General Comments


Efficacy of the Rulemaking.

Approximately 23 respondents commented that promulgating this regulation is a waste of time and money because it will be struck down by the federal courts, like the two prior attempts before it.


The final rule ensures that the authorization procedures for noncommercial group uses comply with First Amendment requirements while providing a reasonable administrative framework for addressing the significant governmental interests identified in the rule. The Department has structured this rule very differently from the 1984 rule that was struck down in United States v. Israel and United States v. Rainbow Family. Those courts held that the 1984 rule on its face singled out expressive conduct and required that it be treated differently from other activity; lacked clear and objective standards for evaluating applications for expressive activities; and lacked procedural safeguards required by constitutional law. The court in United States v. Rainbow Family invalidated the 1988 version because the agency had failed to show good cause under the APA for adopting an interim rule without prior notice and comment.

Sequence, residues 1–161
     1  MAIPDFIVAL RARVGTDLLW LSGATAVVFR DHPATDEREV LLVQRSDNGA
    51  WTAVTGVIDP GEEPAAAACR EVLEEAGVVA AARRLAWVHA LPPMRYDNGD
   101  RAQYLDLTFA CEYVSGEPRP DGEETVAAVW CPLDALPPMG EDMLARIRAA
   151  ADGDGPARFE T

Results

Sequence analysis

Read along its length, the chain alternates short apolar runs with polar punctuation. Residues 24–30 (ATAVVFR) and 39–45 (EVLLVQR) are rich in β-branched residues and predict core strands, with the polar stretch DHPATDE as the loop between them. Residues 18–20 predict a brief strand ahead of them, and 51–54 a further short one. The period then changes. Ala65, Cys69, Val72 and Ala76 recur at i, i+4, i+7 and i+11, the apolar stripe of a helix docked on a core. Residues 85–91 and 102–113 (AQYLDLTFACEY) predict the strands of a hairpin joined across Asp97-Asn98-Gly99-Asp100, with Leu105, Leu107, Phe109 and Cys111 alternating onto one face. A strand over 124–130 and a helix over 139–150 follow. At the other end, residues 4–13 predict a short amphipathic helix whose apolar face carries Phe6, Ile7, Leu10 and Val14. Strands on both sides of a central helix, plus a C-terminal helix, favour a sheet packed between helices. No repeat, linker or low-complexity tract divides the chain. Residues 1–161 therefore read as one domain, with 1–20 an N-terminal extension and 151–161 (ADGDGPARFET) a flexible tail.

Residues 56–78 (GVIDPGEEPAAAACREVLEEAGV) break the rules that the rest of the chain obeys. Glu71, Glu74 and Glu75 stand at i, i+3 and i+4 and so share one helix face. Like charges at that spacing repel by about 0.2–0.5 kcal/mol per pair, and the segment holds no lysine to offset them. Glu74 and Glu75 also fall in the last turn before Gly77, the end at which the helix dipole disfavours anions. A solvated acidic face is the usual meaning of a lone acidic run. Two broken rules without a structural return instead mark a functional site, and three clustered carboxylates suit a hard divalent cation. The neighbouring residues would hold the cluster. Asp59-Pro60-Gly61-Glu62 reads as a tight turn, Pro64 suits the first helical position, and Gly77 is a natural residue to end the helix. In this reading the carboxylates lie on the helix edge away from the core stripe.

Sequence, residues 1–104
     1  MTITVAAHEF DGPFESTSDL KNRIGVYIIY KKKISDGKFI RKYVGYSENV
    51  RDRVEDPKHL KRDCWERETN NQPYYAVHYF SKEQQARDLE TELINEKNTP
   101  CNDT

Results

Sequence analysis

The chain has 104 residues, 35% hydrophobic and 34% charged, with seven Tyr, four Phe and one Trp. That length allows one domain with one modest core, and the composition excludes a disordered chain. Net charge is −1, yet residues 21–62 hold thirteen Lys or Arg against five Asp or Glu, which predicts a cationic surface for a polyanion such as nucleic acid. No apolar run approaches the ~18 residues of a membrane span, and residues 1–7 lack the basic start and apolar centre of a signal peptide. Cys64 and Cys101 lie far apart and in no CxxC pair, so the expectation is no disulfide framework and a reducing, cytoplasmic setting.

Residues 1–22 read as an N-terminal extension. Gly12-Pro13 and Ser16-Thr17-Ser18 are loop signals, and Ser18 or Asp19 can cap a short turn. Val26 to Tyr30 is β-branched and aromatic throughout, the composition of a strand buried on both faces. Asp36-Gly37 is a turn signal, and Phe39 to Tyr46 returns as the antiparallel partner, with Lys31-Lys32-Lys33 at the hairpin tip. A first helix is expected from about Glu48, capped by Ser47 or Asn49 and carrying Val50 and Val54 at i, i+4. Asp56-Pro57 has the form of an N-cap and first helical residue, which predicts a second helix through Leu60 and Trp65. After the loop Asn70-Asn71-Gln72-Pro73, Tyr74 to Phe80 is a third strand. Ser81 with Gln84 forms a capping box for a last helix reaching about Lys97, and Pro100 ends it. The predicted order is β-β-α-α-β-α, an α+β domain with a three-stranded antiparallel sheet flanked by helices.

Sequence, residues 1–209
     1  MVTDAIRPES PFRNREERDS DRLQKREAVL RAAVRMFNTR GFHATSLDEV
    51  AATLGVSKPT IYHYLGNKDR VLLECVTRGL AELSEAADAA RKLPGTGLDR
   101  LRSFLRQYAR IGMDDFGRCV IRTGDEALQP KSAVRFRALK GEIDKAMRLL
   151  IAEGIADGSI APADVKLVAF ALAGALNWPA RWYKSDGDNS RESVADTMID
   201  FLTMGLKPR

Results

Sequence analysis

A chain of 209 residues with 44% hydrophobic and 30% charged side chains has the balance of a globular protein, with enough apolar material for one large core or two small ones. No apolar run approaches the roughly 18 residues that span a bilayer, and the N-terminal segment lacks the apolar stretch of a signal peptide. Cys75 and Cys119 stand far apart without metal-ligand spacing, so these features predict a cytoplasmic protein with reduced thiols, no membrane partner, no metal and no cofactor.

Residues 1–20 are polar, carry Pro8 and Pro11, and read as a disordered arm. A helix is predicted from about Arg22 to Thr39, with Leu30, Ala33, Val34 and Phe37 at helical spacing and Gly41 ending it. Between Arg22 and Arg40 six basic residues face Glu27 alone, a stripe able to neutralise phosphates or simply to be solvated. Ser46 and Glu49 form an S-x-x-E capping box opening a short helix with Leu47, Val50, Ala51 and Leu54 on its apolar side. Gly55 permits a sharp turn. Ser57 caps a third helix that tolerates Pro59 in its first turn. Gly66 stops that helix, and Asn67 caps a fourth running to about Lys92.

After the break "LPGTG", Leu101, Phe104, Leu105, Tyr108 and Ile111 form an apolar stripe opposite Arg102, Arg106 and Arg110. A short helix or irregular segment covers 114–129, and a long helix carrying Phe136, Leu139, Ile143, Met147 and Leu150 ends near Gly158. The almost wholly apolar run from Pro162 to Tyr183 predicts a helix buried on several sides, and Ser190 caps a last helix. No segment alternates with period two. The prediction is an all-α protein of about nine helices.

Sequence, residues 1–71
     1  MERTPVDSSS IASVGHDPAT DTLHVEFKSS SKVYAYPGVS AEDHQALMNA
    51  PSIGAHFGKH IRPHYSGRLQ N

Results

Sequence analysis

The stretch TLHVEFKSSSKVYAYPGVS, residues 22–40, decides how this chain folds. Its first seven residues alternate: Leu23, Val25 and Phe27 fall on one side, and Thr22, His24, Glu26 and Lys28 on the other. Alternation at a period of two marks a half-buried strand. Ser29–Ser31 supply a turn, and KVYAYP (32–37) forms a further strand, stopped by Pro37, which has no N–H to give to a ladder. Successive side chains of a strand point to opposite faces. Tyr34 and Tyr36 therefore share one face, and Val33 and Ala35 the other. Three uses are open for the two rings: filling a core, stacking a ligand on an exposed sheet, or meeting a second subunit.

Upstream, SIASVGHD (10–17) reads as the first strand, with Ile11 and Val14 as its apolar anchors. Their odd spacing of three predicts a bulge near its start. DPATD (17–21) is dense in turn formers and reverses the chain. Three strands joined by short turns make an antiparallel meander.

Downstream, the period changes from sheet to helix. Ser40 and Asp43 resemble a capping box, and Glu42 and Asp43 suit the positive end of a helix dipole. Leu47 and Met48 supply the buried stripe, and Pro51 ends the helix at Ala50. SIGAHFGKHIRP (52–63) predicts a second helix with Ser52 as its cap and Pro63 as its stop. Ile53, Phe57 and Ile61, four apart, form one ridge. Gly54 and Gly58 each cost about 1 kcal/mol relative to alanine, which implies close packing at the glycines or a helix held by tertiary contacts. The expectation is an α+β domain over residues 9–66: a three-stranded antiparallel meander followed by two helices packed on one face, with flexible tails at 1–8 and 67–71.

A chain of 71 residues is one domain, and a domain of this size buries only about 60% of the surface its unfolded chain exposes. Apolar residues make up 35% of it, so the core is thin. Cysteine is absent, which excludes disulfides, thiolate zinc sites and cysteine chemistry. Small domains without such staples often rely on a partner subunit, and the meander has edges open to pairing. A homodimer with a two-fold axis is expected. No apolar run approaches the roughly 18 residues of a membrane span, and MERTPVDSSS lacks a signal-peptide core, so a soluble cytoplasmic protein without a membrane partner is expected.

In contrast, this final rule establishes a single regulatory category that includes expressive and non-expressive activities; applies the same specific, content-neutral evaluation criteria to all applications in that category; and contains all the procedural safeguards required by case law. Rather than publish an interim rule that goes into effect upon publication but before comments are received and analyzed, the agency published a proposed rule for notice and comment, and the Department is publishing a final rule incorporating the analysis of timely received comments. The final rule does not go into effect until 30 days after it is published. In promulgating this rule, the Department has meticulously complied with all requirements of the APA.

Consequences of Noncompliance

Listing of Comments

FS Regulation Page